When the POTUS (President of the Unite States) has to get around, he usually does it in style. And if he’s not in style, at least we know that he’s often surrounded by millions of dollars’ worth of security detail.
Yes, for the U.S. president, cars and vehicles have always been expensive, as has been Air Force One. History has put a spotlight on the presidents’ one-of-a-kind planes: mobile White Houses, with all of the protections therein.
Would you like to share this infographic on your page? Copy this embed code:
The President’s Car
Until the President Kennedy assassination, car travel was often done using an open-top vehicle, so that people could see officials being paraded about. In fact, the first president to ride in a car, Taft, rode in the back of a $4,000 White Model M: a quasi-safe, completely open, steam-powered vehicle, which camera-shy Taft loved because he could use the bursts of steam to hide himself from photographers. He also loved outrunning the Secret Service and the press and saying “you ate my dust!” (That’s right; the first presidential car was used to tease the Secret Service.)
In the following half-century, presidents’ cars were largely considered to be that: fancy, expensive parade vehicles, like the Sunshine Special, which was Franklin D. Roosevelt’s beauty, and the first car to be commissioned specifically for presidential use with Secret Service specifications.
After the assassination of President Kennedy, though, the military and government took a much closer look at each vehicle, and the sweeping, open-top parade vehicles began to resemble square, boxy limousines.
In the time of President Obama, car designs were created from the ground up. At about $1.5 million, we now know the limo by a new name: the Beast. President car specifications of today include some pretty intense parts, beyond the obviously bulletproof windows: steel plates underneath the car to protect against grenades, a sealed cabin against biochemical attacks, puncture-resistant tires, and containers of the president’s blood hidden in the trunk in case a medical emergency.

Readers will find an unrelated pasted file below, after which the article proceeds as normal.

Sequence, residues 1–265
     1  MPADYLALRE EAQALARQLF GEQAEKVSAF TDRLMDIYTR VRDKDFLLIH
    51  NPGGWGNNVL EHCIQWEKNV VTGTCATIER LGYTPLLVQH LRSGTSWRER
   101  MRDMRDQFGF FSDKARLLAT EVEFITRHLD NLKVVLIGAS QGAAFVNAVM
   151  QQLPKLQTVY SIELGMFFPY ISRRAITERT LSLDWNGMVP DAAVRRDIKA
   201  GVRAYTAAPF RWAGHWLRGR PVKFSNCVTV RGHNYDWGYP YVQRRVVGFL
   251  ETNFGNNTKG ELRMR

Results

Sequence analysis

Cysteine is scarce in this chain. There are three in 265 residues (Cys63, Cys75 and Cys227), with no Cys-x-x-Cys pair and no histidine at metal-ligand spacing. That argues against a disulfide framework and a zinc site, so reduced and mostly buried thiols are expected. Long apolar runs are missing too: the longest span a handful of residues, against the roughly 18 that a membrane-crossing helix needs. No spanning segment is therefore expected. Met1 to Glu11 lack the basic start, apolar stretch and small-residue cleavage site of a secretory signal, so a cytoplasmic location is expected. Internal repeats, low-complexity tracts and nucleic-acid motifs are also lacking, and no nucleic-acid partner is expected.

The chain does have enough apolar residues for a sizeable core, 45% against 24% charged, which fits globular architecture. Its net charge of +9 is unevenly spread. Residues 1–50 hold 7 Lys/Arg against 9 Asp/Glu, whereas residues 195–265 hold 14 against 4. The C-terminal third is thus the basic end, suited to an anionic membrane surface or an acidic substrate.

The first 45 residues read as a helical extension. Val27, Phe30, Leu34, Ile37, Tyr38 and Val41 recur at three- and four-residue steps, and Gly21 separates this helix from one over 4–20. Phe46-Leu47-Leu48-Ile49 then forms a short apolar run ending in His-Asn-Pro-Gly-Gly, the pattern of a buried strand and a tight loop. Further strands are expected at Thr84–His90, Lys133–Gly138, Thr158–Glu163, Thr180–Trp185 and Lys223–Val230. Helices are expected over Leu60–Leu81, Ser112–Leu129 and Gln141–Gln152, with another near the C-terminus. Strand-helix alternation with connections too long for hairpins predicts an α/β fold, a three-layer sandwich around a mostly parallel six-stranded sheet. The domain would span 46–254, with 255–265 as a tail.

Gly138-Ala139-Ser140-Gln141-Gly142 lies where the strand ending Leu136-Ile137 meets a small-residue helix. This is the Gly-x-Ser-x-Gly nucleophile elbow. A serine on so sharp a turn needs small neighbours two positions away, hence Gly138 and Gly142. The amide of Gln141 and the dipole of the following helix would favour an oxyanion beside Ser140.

The President’s Plane
And, if we think presidents’ cars have gotten both ridiculous and ridiculously expensive over the years, that’s nothing compared the Air Force One plane. Because U.S. leaders have to move so much more quickly and frequently today, this has been one of the more costly presidential expenditures. Not to mention, it’s required to hold and feed almost 100 people and serve as a mobile command center if needed. That’s not the only plane, either: A “Doomsday Plane” often tails the president’s flight in case the worst should happen, and built to out-pace nuclear explosions. That’s ignoring all of the de-stressing needs the team might have, like meals with fancy silverware, its own mini Oval Office, or a hairdresser.
Naturally, the Air Force One history is similar to that of The Beast. There was a time when presidents weren’t as paranoid of nuclear war or as used to living in luxury. The first Air Force One was hardly more than a fancy air-yacht and puddle-jumper. Of course, it’s hard to say whether or not FDR actually rode in it, so the real Air Force One, in everything other than name, may be the Dixie Clipper.
But technically, the first president to ride in a plane was Theodore Roosevelt, who bravely flew in a newfangled Wright Flyer, though he wasn’t in office at the time. (Did we mention he got shot in the middle of a speech and kept going?! What is it with Roosevelts?)
Will a Teddy-like, insane fearlessness help reduce the skyrocketing costs of both the new Air Force One plane and the Beast? Or can we, and should we, invest in the safety of one of the world’s most important leaders? These presidential car and Air Force One plane facts may give us key insight into the future!